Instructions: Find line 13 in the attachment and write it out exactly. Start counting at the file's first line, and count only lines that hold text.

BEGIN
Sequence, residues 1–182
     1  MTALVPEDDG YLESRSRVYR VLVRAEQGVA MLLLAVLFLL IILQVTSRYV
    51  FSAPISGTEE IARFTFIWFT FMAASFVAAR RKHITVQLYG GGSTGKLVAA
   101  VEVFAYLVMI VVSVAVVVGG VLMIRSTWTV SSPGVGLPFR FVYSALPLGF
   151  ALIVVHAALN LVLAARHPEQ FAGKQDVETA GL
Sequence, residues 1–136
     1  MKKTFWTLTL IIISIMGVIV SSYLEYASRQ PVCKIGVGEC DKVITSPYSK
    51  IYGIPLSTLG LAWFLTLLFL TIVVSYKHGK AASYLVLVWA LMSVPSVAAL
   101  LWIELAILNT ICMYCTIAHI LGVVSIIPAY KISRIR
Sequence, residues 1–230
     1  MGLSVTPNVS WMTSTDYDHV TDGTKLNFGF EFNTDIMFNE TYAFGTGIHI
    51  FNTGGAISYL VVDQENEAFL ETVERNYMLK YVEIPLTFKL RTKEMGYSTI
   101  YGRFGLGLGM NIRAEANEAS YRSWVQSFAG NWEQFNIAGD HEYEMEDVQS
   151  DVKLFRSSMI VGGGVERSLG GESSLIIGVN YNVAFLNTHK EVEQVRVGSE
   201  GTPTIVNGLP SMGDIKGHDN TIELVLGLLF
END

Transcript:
   101  YGRFGLGLGM NIRAEANEAS YRSWVQSFAG NWEQFNIAGD HEYEMEDVQS